Here’s how standard pet insurance coverage stacks up against those with a wellness plan add-on:

IssueAccident-OnlyAccident-IllnessAccident-Illness + Wellness Add-On
Unexpected or Accidental InjuriesYesYesYes
Unexpected IllnessesNoYesYes
Chronic DiseaseNoYesYes
Cancer Diagnosis and TreatmentNoYesYes
Dental IllnessesNoYesYes
Medical Testing (heartworm tests, blood work)NoYesYes
Spay or NeuterNoNoYes
Annual ExamsNoNoYes
Teeth CleaningNoNoYes
Preventative Care, such as parasite treatmentNoNoYes
Boarding and DaycareNoNoNo
Elective SurgeriesNoNoNo
Pet Supplies (food, toys, and treats)NoNoNo

How Much Do Pet Wellness Plans Cost?

Like standard pet insurance, the cost of a wellness plan varies. Discount plans can cost as low as $10 per month, while more comprehensive plans can run you $60 per month. This allows you to choose a plan that suits your budget and the coverage level you want.

It’s worth noting that many pet wellness plans do cap expenses, rather than just paying out an unlimited amount. When deciding if a wellness plan is a financially viable idea, it is worth checking the policy’s limits compared to your preferred vet’s fees.

At What Pet Age Should You Get A Wellness Plan?

Pet wellness plans are beneficial at any age, however, you may find the most savings in their younger and older years. This is because pets often need several exams and vaccinations when they’re young and tend to face increased medical issues in their old age. There are also certain things that wellness plans cover, such as neutering and microchipping, that tend to be done only once, when the pet is young. This means you get more value for your plan in these earlier years.

Breed-Specific Considerations

Keep in mind that some breeds are predisposed to certain medical conditions which can make preventative care more important. For example, poodles are more likely to develop eye disorders than other breeds. Likewise, dental problems are more common in siamese cats. Breeds who are prone to certain conditions may be advised to have more regular health checks, which can be costly.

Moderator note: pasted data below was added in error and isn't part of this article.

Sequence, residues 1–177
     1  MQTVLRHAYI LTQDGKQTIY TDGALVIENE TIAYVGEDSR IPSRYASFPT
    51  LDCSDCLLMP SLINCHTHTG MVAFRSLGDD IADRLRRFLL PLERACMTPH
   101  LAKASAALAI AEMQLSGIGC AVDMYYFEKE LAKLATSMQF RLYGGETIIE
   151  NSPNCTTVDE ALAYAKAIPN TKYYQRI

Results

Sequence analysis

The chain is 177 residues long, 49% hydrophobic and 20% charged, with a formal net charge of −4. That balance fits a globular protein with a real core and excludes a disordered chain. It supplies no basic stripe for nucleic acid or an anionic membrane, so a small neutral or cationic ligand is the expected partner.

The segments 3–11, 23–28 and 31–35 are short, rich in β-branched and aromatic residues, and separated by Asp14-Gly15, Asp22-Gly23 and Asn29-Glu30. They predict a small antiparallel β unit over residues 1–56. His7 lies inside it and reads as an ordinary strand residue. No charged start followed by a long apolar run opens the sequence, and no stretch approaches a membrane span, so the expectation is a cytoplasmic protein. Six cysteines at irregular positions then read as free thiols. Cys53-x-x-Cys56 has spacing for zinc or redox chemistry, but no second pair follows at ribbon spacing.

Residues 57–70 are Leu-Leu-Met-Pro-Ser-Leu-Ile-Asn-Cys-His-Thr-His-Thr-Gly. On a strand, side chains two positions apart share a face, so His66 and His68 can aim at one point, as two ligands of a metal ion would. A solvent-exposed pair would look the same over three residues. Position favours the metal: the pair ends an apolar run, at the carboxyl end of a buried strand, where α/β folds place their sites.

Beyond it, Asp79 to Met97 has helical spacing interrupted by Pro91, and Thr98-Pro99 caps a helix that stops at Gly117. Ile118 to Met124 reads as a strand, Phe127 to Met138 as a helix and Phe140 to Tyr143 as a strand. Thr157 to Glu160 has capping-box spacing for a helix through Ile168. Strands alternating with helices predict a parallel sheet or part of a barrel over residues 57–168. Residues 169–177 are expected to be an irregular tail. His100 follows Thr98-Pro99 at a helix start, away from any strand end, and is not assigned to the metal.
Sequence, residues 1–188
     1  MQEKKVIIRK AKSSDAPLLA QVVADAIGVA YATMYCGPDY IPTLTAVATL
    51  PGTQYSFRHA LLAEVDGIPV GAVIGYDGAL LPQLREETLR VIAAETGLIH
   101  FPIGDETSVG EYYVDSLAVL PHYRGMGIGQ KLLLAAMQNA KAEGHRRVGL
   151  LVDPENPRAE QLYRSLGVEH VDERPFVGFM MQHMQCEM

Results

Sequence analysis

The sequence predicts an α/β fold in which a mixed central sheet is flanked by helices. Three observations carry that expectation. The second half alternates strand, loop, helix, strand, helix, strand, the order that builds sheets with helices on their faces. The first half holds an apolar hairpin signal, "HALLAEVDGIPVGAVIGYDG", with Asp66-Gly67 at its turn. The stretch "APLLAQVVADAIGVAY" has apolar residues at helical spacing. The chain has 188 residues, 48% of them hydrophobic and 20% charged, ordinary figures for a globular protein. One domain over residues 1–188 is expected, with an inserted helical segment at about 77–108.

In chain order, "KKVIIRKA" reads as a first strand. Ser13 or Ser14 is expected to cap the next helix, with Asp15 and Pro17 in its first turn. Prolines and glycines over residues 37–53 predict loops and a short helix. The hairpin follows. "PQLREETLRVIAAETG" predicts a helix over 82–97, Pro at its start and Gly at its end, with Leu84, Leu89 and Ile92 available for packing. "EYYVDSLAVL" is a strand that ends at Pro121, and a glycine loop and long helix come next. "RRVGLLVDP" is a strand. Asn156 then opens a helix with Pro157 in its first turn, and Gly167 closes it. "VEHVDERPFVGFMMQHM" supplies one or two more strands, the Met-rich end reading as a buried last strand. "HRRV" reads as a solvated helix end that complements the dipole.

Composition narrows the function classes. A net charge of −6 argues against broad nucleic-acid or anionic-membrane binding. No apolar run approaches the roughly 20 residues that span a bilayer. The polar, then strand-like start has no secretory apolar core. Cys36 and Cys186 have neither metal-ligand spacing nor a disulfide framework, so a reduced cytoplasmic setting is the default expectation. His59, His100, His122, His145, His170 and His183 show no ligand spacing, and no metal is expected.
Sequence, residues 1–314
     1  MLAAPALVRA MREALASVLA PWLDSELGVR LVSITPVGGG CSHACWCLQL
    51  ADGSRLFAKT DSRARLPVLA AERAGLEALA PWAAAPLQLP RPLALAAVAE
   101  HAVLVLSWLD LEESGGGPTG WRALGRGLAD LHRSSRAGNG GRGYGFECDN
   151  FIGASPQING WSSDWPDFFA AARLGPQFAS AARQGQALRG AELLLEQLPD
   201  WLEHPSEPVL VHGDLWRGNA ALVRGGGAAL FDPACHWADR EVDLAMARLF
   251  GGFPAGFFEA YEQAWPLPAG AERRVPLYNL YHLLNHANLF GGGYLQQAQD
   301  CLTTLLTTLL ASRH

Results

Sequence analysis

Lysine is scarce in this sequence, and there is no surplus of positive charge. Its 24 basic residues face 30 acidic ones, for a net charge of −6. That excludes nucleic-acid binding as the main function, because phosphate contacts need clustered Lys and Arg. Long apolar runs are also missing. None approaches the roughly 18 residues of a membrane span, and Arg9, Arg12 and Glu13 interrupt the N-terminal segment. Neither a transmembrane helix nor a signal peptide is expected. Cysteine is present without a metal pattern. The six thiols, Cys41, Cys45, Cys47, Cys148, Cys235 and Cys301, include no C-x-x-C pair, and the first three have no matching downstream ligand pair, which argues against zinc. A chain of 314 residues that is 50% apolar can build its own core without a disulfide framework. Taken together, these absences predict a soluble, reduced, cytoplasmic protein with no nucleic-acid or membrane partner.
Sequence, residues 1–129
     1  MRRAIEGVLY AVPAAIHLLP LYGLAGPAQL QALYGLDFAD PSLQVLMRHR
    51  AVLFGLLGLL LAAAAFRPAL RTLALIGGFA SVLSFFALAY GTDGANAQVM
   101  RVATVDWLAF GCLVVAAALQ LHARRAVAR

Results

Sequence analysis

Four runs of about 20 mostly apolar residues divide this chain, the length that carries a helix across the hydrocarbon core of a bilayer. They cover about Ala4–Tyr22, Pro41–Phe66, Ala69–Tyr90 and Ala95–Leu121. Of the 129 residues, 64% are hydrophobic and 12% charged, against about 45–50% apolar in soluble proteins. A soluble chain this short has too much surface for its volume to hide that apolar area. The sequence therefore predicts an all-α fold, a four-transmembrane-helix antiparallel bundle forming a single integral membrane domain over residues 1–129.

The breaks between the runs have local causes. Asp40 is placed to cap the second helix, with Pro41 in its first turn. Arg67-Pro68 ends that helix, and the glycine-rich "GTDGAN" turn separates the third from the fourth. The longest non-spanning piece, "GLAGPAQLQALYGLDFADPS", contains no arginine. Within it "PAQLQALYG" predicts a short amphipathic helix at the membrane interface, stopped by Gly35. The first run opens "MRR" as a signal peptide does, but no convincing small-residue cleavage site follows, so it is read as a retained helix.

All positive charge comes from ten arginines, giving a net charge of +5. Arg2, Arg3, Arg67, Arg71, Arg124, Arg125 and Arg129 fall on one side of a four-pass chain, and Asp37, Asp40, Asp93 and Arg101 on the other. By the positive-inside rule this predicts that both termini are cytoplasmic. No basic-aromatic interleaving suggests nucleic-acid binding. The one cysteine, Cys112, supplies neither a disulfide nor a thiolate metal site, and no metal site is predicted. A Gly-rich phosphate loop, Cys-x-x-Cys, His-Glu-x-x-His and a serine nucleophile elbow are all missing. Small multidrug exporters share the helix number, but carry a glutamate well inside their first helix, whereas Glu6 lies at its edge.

If your pet has an increased risk of developing certain medical conditions, you could consider a wellness plan to help with these additional costs.

Are Pet Wellness Plans A Smart Financial Decision?

Preventative pet care can help you avoid costly medical treatment and help your pet live a healthier, longer life. But is it financially worth it?

With a wellness plan, you’d pay a premium each month to keep your pet insured. For example, Prudent Pet’s Wellness Add On costs $20 per month for a dog and $14 per month for a cat. Let’s say you have a french bulldog whose life expectancy is around 11 years. Over the course of their lifetime, you’d pay around $2,640 in wellness plan premiums.

132 months (11 years) x $20/month = $2,640

*This does not account for increased premiums as your pet ages.

In just the first year of your frenchie’s life, you could expect to incur around $805 in medical expenses between their initial preventative medication, the cost to spay or neuter them, vaccines, and microchipping. Without a wellness plan, you’d have to pay out-of-pocket for these expenses. So, as you can imagine, over the course of your pet’s lifetime, a wellness plan could save you quite a bit.

Do You Need A Pet Wellness Plan?

Wellness plans are an optional add-on to pet insurance. While they aren’t necessary, you should strongly consider adding one to your primary coverage if:

  • Your pet is young
  • Your pet is predisposed to certain medical conditions
  • The additional coverage would give you peace of mind
  • It would help you to spread the cost of this preventative care over the year by paying a monthly premium rather than a sporadic large vet bill
  • You fully intend to utilize all available preventative care

That said, there may be instances where it doesn’t make sense, such as if:

  • Affording routine preventative care would be an easy expense for you.
  • Your pet is already spayed, neutered, microchipped, or vaccinated, and you don’t plan to utilize the other areas of coverage.
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Grace Lemire

Grace is a lover of pups and personal finance. She’s passionate about helping people navigate the financial side of life decisions — from budgeting for a furry friend to making decisions about pet insurance.